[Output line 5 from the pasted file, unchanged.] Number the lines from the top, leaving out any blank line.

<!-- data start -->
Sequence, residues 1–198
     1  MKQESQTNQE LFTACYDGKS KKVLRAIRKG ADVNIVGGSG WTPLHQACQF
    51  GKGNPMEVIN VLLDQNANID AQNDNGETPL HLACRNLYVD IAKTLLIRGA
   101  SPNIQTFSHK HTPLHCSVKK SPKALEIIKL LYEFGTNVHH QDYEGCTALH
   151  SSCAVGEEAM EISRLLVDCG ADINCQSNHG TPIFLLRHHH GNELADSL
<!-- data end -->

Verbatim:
   151  SSCAVGEEAM EISRLLVDCG ADINCQSNHG TPIFLLRHHH GNELADSL